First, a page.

Here we go again!

From July 1st on we will sail out again to the whales and dolphins. We are looking forward to welcoming you soon and wish you already now a relaxing holiday. You will find information about the necessary hygiene and safety measures under observation tours.

See you soon in Tarifa, Katharina Heyer and the firmm team

Astonishment about great awareness even amongst the youngest

by firmm Team

Text: Viola Boas; Photos: firmm

On June 13th Brigitte and I visited the school Virgen del Sol here in Tarifa. We wanted to tell the children a little bit about the whales and dolphins in the Strait of Gibraltar and inform them about environmental protection.

Our marine biologist Jörn Selling had previously given a lecture to the older students. They went on a boat trip to the whales the following day. (Actually luck was on their side, on that trip three sperm whales were sighted!) Photos attached.

The children on the way to the boat.Queuing at the ticket controlOur crew with the childrenSperm whale with irritating seagullsA beautiful moment

When I entered the school I was positively surprised, the large entrance hall was lined with paintings and works of art from the students and spontaneously the impression of a very creative atmosphere aroused.

I was prepared to give the children a detailed lecture about the marine mammals. On the way to the auditorium, one of the teachers discovered the large firmm folder under my arm, looked in amazement and said, "these are very small children, between four and six years of age".

And already the little ones around us were scurrying into the hall. Automatically I had a big smile on my face, but for a moment I didn't know what I was going to do.

Brigitte had the idea: "we just show the film about the animals and you tell a little bit about them".

We put the chairs aside and the children sat down on the floor. One of the teachers instructed the kids to sit cross-legged, now I had sixty little Buddhas sitting in front of me and the feeling that "it sure will be all right".

The film started and I explained the children what they saw in it. I tried to explain everything as child-friendly as possible. "Look, when the dolphins come out of the water they take a breath very quickly, it's like they have their nose on top of their head, when they come up they exhale and when they appear on the surface they inhale again.

The little ones listened with excitement and I was amazed at how attentive they were. After the short film lecture the teachers asked some questions and we told a little bit about how whales and dolphins sleep and how they behave in their family groups.

Finally I asked the children if they still had questions (at first I thought this question was unnecessary) but spontaneously about twenty small hands rose.I turned to a little boy, "what's your name?" "Pablo" Pablo said "if the whale swallows plastic it's not good at all" Then little Daniela "Everything we take with us to the beach, we take home again". And the next child "garbage doesn't belong on the beach!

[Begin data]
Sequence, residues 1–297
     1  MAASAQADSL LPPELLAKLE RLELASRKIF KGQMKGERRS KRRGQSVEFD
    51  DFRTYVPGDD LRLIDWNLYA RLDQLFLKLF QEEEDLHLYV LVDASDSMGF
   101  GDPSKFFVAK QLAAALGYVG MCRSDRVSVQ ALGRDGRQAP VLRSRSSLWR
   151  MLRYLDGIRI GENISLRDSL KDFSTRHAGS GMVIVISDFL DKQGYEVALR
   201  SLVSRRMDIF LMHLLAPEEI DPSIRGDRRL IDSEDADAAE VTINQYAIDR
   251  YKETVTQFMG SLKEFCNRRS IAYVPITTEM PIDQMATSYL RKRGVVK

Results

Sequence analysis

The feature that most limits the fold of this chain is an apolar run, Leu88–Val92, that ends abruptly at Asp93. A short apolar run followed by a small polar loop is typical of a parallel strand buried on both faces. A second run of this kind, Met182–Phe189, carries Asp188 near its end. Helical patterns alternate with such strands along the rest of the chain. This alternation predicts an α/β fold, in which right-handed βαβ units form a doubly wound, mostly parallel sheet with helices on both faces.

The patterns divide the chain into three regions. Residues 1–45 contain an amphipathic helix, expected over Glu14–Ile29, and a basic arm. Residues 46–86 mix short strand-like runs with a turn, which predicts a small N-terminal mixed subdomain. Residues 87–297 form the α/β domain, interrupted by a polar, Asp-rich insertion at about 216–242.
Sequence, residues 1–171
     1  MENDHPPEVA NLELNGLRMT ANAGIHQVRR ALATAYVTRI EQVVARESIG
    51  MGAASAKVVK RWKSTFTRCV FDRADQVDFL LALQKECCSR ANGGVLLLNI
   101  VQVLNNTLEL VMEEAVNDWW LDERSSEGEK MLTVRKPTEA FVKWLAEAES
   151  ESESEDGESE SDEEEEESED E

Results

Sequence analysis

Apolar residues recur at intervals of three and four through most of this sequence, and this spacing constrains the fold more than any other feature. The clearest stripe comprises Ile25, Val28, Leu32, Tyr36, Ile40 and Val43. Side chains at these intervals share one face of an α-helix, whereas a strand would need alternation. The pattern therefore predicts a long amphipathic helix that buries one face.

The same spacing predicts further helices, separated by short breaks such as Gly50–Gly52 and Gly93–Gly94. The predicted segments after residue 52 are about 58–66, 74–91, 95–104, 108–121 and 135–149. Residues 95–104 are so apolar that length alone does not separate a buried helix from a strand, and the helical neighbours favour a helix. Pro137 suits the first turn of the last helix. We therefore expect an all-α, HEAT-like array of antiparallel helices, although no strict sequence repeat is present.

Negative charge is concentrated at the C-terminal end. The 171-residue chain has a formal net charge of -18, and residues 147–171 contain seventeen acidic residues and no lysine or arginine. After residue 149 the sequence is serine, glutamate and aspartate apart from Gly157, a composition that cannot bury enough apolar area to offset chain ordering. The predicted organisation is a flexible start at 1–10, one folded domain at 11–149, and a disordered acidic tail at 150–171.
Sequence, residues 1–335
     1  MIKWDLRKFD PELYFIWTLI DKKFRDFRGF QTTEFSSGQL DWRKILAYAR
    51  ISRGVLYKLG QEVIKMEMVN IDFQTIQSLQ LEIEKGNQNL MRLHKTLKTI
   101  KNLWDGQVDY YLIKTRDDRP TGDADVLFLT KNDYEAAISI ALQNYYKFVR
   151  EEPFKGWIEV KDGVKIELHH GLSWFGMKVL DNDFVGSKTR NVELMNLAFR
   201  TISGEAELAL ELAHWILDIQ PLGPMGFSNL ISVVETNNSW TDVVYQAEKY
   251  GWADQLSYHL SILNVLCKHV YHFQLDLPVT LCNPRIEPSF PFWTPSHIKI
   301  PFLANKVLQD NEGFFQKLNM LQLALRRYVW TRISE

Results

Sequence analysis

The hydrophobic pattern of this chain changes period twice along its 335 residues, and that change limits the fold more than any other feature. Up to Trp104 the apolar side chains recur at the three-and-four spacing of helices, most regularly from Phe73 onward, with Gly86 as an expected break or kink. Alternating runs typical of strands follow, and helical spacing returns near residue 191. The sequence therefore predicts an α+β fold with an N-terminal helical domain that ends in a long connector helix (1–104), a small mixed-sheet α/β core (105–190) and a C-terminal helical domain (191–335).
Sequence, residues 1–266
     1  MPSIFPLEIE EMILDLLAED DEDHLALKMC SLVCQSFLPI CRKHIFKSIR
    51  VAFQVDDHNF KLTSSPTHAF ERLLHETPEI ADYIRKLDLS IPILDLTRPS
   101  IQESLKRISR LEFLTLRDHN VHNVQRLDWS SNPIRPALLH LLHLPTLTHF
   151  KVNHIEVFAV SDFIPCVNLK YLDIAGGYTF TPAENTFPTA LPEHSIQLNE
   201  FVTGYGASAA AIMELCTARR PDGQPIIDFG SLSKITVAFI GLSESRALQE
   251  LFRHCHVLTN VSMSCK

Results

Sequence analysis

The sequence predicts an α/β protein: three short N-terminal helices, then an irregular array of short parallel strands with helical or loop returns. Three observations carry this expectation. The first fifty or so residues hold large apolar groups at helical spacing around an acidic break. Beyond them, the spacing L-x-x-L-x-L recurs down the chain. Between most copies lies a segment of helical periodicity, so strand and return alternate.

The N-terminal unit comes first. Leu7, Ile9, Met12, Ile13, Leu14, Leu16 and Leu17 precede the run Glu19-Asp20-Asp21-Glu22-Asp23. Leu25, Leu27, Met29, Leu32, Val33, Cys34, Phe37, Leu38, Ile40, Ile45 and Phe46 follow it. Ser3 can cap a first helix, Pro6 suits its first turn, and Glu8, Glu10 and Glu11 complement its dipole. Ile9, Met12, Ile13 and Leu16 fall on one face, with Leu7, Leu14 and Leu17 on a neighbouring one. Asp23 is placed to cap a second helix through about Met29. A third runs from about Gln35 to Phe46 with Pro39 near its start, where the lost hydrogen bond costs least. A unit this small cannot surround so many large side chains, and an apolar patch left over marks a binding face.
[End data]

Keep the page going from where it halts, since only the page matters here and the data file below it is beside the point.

Viola narratingA_question is asked

We quickly realized that the questions were not really questions, but rather that the children wanted to share what they already knew about environmental protection. Brigitte and I were surprised about what the teachers had already taught them about the marine environment and its inhabitants.

Some of the childlike comments sounded like this: "The turtle with the straw in his nose" ... we could then pick up on this and discuss such things as plastic bags and straws with the children, and the somewhat older children also helped the younger ones to explain their statements in more detail.

The teachers also told us that in such projects three age groups are frequently brought together, so the older children learned a sense of responsibility and could help the younger ones. And it was exactly like this when we distributed the pages of a sea animal colouring book and four children each sat down around a sheet of paper to colour it, there was no nagging... every now and then a question like "in which colour do we paint the teeth of the shark? - purple! ok! - ok!

One of the teachers took us on a tour of the school. Thanks to the commitment of the teachers, the corridors between the classrooms resembled a colourful museum and from the ceiling sculptures of sea animals, including a pink jellyfish made of paper and even a large orca made of fabric, were hanging.

One teacher said she often heard her children would move so much; she would then only reply, "Yes, they are also children, and not pieces of furniture, we are aware that it is against the nature of children to sit still for more than half an hour. Moreover, the learning success is much better when the children move around in between."

It was a thoroughly positive experience for us that gave us a lot of hope. I think that when the little ones are introduced to environmental protection, an automatic awareness builds up year after year. Brigitte and I left the school in a good mood, and we unanimously realized that the little ones had given us new hope.

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